If students keep these questions in mind -- and literally keep them there rather than asking them -- the start of the school year will be successful for everyone. And as far as the fear of a stolen lunch goes, just pack really bad lunches and you'll never have to worrry...

But I digress.

Mon, 04 Sep 2017 21:17:00 +0000

A Conversation With My Car
I moved on from this car a year later.  Looking back, maybe this is why...

A Conversation with My Car
April 9, 2013

I really need to move on from the car that I've had for quite some time, but like a loyal friend, I refuse to let go.  In the past three months, though, my car has caused me to get major repairs to parts of the car that I didn't know existed until I brought it to a repair shop.  It is quite possible, in fact, that these parts were made up by the repairmen -- a sort of practical joke that is funny only to people who understand cars.  For example, I needed to get a new belt that connects my accelerator to my engine.  A belt, really?  Totally sounds made up...

Just recently, I had to get a new fuel pump.  There is no way that is a real thing either...

I just wish I had a way of knowing what my car really needed.  Like a good psychologist talking to a person in need of help, I have to dig beneath the surface to see what is really wrong, not what someone thinks is wrong because this so-called "belt" was burned or this fuel pump -- again, totally not a real thing -- is no longer pumping.  I would begin by telling my car that everything will be okay and that I will not judge it or look at it any differently if it shares its problems with me.  I would also apologize for not giving it a name and for referring to it as, well, "it."  Then the deep part of the discussion would begin...

Me: Seriously, car, can you knock it off and just work?

Car: Please, boy, you did not just say that to me.

Okay, so this approach probably would not work.  I would need to calm down first and gently stroke the car's ego.

Me: You are amazing, car, I just want to tell you that.  Even when something goes wrong, you are the best.

Car: Thanks.  For addressing me so nicely, I will now talk to you.

Me: I'm here to help, car.  I really do want what is best for both of us.

Car: That's all I ever wanted, too.  Well, that, and for you to maybe vacuum me every once in a while -- and maybe use the premium gas.

Me: I didn't think you were one of those snobby cars that needed premium.  I've been using regular in order to, you know, keep it real.

Car: Good call.  And that's a good reason for not vacuuming either.  Those pistachio shells give me identity and charm.

After about three hours of this small talk, I would hope that the car would be able to open up.  Maybe it will tell me that it's time to move on -- that we need to separate because it's what is best for the both of us.  Maybe the car will just need some time away from me.  Maybe I'm cramping its style.  These are diagnoses that people who work in auto shops will never give, partially because people would probably not be too happy to pay $600 to receive those words and partially because I don't think repair people really care enough to talk to cars the way that they should.  I think people who fix cars (and those who write about them) should pass psychology exams in order to receive proper certification.  In the meantime, I will search the Internet for help from complete strangers who answer questions in forums.  I'm sure it's what my car would want...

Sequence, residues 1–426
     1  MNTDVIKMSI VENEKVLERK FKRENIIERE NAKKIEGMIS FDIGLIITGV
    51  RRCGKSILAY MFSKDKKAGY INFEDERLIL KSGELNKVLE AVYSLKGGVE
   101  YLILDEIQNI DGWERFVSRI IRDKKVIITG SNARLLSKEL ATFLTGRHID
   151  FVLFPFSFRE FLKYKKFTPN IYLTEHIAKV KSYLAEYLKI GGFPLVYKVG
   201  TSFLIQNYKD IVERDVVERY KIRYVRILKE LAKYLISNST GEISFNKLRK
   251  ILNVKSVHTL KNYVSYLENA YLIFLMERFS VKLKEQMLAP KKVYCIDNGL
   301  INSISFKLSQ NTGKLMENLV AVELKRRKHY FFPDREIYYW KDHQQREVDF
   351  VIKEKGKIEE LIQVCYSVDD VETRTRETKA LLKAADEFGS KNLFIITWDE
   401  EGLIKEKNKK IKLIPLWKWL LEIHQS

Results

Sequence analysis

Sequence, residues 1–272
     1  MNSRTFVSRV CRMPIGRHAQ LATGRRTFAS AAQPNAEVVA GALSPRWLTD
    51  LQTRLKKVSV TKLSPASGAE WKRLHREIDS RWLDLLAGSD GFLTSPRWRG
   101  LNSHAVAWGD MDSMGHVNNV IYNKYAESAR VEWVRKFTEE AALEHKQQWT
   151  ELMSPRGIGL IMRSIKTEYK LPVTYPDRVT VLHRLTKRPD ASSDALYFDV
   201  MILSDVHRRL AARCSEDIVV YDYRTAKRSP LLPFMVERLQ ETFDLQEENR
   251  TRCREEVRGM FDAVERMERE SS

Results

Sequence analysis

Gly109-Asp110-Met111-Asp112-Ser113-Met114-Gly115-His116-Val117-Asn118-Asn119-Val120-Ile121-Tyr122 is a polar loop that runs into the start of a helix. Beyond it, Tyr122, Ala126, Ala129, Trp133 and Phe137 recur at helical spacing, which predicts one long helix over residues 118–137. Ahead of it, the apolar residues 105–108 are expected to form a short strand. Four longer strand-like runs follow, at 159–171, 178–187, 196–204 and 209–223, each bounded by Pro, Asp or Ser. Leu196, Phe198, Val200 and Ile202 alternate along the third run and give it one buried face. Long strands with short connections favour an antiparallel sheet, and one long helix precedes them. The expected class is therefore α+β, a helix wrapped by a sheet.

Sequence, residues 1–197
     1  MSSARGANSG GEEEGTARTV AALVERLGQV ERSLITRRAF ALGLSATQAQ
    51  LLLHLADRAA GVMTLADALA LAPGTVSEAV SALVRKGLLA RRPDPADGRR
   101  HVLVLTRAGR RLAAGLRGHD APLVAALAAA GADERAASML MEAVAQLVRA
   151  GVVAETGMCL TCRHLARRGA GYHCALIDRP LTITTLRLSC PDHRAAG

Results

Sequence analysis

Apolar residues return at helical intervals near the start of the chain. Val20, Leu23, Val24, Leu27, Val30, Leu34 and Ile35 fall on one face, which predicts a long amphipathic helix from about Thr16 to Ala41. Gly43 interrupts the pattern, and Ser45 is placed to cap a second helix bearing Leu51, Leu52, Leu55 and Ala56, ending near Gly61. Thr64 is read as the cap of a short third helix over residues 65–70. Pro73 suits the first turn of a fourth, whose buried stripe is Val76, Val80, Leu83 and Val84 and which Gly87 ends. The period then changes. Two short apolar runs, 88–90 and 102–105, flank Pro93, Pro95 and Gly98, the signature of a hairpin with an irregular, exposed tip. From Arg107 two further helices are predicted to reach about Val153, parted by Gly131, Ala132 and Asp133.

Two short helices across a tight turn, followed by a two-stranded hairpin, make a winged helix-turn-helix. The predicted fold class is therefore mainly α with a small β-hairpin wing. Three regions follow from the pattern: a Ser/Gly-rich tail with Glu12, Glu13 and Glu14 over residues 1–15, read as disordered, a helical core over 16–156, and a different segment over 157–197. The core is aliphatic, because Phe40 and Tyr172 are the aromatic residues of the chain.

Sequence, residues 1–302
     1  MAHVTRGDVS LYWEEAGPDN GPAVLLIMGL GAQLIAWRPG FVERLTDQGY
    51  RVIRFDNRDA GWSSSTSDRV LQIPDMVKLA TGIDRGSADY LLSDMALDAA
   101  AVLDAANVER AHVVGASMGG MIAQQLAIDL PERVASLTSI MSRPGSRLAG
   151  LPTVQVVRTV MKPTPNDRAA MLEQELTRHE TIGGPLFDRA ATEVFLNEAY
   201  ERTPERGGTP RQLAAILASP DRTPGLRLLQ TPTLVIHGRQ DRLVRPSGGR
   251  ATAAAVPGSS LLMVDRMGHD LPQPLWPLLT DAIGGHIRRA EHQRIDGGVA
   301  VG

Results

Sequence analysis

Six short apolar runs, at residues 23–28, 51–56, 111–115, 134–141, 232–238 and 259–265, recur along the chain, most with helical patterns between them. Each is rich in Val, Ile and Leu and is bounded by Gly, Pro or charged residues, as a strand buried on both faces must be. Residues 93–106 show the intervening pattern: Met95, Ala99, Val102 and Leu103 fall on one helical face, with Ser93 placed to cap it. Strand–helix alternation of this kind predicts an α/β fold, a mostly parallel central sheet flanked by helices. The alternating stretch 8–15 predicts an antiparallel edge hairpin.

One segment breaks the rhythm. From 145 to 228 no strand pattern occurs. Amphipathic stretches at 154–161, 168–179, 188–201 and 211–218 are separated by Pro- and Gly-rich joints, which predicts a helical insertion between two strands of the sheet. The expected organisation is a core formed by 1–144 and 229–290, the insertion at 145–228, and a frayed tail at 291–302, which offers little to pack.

But I digress.

Sun, 27 Aug 2017 00:53:00 +0000

You Only live Once
I wrote this over five years ago, when people were saying, "YOLO" a lot.  I know some people who still say that, but those people are known as "dorks."  I don't know why they weren't dorks five years ago, too.

You Only Live Once
July 3, 2012

It's common knowledge that cats have nine lives, something that I have not been able to verify one way or the other considering how many cats look alike.  However, over the past few months, I've heard a lot that would tell me otherwise, in the form of four letters: YOLO...

YOLO could stand for a number of things.  It could, for example, stand for "Yaks originally landed offshore," which is an important way of informing people about the origin of yaks, regardless of whether that is true or not.  Or, it could stand for "Yard ornaments look outstanding," as a way of reminding everyone that one or two lawn gnomes, if placed properly, will do wonders for scaring away the local youth.  Finally, YOLO could stand for "Yawn often, laugh occasionally" to tell people that it is important to fake boredom during stand-up acts...

The more common meaning of YOLO, "You only live once," was probably said by thousands of people for thousands of years, going back to the days of stone tablets when cavemen would carve it into walls.  None of this matters, though, because it took the song "The Motto" by Canadian rapper Drake for Americans to see how wise this statement was.  In looking up the exact lyric -- "You only live once, that's the motto," followed by an expletive -- I see how eloquently stated those words are, especially when followed by the next line of wisdom: "We bout it every day, every day, every day."  Truthfully, I felt lost in life until I saw those words.  Now I want to join the rest of the world in using #YOLO at the end of every Tweet and in yelling the acronym out of my car window, especially while at red lights...

Knowing that I can only live once, thanks to Drake, there are a few things I now realize I need to do: